Perhaps to remind us of what Lent is all about, clumps of papait with lush green leaves were omnipresent at the public market in my hometown in Pangasinan. Literature in the internet suggests the weed is seasonal, but this was the first time I have seen it being sold. Of course I was not a prolific market-goer in my childhood, but papait never appeared at our table, and my in-laws have not cooked it before.
The leaves looked similar to the Baguio spinach, in the shape, size, color and thickness of the leaves, and indeed they belong to the same family. They looked harmless enough.
Perhaps I have not seen it before because it wasn't sold before - it grows at will, gathered freely in empty fields, or in the kaalugan. Perhaps we never had it, as neither did my in-laws, because of its reputation as the bitterest thing one could ever eat. But I wonder, because we eat ampalaya - the leaves as well as the fruit - like it's fried chicken.
Since there were more papait at the market than ripe tomatoes, which was alarming, and there were as many papait as there were sibuyas at this time of the year, which was normal, I couldn't deny fate, and I had to buy. An in-law was with me that time, and I uttered aloud my decision. She didn't seem thrilled, but replied, sige, ag mo ni atawayan sirin? (okay, so you haven't tasted it before?).
Vendors confirmed the leaves were ampai-pait (too bitter), but that they cure a lot of illnesses and various afflictions. They also volunteered that the leaves are traditionally sauteed with tomatoes after parboiling them.
I was thankful for those freely given information, because when we got home it turned out nobody at my in-laws' household knew how to cook papait. The designated cook hemmed and hawed, uttering out loud she'd boil the leaves briefly, then after a while recanting, until she decided not to cook them, wrapping them instead in banana leaves and shoving the lot in the dark confines of the refrigerator.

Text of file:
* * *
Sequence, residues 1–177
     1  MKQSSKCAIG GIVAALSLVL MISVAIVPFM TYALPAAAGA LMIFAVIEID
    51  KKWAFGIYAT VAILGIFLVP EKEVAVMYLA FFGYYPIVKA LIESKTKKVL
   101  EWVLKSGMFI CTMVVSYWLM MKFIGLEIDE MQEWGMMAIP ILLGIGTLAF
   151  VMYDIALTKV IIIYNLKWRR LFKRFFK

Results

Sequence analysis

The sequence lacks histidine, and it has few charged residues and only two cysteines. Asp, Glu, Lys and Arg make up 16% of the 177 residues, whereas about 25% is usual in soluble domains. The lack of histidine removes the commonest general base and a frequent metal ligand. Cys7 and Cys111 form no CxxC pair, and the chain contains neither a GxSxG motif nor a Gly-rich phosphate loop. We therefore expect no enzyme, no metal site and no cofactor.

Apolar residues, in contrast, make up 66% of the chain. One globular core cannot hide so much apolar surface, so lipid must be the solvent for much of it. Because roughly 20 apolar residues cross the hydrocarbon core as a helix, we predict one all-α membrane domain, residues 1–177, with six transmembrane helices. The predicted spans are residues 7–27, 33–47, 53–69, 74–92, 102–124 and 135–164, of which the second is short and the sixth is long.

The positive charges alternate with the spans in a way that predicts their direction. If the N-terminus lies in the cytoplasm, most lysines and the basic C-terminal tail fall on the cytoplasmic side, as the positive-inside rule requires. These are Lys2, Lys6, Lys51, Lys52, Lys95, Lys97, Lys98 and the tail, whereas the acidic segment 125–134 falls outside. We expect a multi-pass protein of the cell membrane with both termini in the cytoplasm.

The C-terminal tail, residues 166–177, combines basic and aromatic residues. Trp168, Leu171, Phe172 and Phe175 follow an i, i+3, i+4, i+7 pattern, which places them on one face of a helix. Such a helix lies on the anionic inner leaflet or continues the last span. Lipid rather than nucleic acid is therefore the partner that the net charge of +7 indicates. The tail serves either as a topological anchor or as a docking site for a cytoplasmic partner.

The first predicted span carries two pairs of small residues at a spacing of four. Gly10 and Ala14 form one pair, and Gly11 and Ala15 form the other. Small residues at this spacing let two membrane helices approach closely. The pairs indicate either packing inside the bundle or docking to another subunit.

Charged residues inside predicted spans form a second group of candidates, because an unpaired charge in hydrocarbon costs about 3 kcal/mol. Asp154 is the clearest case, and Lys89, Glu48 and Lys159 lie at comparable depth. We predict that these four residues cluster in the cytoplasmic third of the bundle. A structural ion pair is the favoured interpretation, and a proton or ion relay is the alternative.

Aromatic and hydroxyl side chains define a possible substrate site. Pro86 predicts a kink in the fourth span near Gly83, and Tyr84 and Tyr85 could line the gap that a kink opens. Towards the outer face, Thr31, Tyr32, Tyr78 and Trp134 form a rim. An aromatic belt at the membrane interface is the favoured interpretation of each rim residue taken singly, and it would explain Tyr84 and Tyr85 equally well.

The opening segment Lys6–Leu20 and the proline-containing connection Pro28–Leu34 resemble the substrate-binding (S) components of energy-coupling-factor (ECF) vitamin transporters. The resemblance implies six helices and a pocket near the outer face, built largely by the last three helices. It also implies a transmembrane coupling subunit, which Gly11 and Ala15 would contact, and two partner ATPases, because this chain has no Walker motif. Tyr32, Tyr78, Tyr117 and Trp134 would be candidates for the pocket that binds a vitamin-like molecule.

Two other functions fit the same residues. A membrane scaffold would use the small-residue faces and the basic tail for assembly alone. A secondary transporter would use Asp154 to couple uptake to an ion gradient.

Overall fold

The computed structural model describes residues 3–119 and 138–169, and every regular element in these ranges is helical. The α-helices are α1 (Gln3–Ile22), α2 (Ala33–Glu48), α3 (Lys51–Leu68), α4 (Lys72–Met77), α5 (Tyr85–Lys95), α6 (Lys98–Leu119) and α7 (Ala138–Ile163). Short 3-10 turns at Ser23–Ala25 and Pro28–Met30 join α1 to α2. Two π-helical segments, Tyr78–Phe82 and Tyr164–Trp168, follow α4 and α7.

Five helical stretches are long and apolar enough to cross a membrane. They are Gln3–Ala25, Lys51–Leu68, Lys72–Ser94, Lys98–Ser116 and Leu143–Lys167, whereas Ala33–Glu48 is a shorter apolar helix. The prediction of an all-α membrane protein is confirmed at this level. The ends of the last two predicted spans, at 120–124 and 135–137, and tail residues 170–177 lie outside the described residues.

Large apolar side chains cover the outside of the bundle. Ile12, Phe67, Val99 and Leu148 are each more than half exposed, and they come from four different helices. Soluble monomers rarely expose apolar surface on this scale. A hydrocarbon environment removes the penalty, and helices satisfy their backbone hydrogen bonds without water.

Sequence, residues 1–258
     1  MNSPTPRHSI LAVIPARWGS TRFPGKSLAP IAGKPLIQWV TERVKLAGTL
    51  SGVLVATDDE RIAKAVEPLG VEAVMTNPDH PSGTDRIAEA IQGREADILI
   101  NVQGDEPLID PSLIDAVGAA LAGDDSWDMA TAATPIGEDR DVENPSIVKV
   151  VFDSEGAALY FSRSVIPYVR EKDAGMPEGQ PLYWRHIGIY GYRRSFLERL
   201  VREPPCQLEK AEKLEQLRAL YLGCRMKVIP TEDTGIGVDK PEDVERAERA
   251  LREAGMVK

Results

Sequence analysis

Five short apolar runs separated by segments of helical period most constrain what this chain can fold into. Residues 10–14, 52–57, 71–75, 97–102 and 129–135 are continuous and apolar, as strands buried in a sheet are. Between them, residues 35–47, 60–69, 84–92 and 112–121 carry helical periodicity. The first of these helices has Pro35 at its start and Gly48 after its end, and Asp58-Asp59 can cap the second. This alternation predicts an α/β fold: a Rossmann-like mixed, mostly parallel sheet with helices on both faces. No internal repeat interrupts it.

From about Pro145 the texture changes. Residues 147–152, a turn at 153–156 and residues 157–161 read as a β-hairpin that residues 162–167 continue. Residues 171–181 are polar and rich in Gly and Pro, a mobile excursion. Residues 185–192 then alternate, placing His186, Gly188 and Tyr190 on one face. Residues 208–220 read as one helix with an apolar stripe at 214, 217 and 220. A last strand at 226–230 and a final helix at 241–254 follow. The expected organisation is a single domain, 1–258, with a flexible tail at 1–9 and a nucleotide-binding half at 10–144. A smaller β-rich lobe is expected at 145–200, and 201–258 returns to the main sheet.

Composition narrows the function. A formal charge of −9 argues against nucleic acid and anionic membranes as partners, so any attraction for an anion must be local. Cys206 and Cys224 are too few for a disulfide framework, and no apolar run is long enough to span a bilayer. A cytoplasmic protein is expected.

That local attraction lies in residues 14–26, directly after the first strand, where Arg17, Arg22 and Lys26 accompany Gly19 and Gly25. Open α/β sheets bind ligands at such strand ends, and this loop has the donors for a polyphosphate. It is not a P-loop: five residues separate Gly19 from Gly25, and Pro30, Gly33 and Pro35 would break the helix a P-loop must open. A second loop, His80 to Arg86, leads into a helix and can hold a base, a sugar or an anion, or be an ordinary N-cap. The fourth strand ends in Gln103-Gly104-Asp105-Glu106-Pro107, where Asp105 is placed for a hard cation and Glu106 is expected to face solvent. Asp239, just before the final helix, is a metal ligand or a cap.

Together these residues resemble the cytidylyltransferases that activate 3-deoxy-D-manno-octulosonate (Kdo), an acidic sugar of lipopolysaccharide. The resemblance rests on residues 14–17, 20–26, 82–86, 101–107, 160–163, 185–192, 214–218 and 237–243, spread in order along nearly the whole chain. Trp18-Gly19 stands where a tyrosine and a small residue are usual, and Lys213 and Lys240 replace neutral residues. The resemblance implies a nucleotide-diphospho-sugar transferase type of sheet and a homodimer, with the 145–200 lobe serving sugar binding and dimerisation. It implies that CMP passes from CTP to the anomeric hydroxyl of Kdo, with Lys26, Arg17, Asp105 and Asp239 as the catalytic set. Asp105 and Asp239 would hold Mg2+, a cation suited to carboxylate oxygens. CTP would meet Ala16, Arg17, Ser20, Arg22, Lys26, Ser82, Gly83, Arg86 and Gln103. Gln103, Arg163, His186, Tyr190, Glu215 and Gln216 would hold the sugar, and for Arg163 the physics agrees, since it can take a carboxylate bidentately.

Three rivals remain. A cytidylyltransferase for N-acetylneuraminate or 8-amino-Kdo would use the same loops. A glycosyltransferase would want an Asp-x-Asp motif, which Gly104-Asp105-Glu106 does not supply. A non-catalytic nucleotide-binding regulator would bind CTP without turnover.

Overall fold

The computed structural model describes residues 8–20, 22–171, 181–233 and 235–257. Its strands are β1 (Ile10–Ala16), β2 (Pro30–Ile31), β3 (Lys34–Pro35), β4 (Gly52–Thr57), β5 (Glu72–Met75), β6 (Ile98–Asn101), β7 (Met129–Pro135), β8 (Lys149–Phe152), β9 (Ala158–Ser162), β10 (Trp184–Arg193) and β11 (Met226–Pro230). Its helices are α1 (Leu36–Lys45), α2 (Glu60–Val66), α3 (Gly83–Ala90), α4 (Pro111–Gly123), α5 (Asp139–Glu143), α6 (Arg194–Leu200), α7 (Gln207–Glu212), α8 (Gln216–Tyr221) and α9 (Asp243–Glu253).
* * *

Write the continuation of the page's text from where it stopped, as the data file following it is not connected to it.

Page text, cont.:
At Php10 per bundle, I thought nothing would be wasted if the leaves withered. But I thought again that it won't be money wasted - it would be the opportunity to learn something, and that something was significant because it concerned the food culture of my hometown, and a big part of Luzon, as I learned afterwards.
So I was nothing but persistent, and pointed out one day soon after that it would be nice to have the leaves as a counterpoint to the igado we were having for lunch. So the leaves were dug out from their burial place, and were promptly sauteed, without the advised pre-boiling. There was a bit of "soup" in there, because the leaves were not thoroughly drained after washing.
The cook is what elders call "makaluto," because she can cook ampalaya fruit which turn out with only the slightest hint of bitterness that children spoon lots of it onto their rice. Maybe that magical quality also lent itself to the papait turning out to be not as bitter as foretold.
It was bitter, but not so bitter that it was intolerable. In fact it was milder than ampalaya leaves. The bitterness was normal, in the same acceptable level as, say, mustard greens, or bokchoy. I think it would pair nicely with balatong, or with chopped pechay, if I can get hold of a bunch again. And I will buy again, if I see it. It would be a good addition to my green leafy vegetable repertoire at home, and who knows we might benefit from its purported healing powers.
So I was glad I chanced upon papait, and we had the courage to cook, and eat, it. Good discoveries happen to the brave.
Papait is the term for this vegetable (weed actually) in Pangasinan and Ilocano. It is known in other areas of Luzon as amargoso and sarsalida, and elsewhere as bitter leaf, slender carpetweed, cheng geng xing su cao, with scientific name Mollugo oppositifolia Linn. It is eaten to combat diabetes, hypertension, anemia and various other ailments.
Living With Nature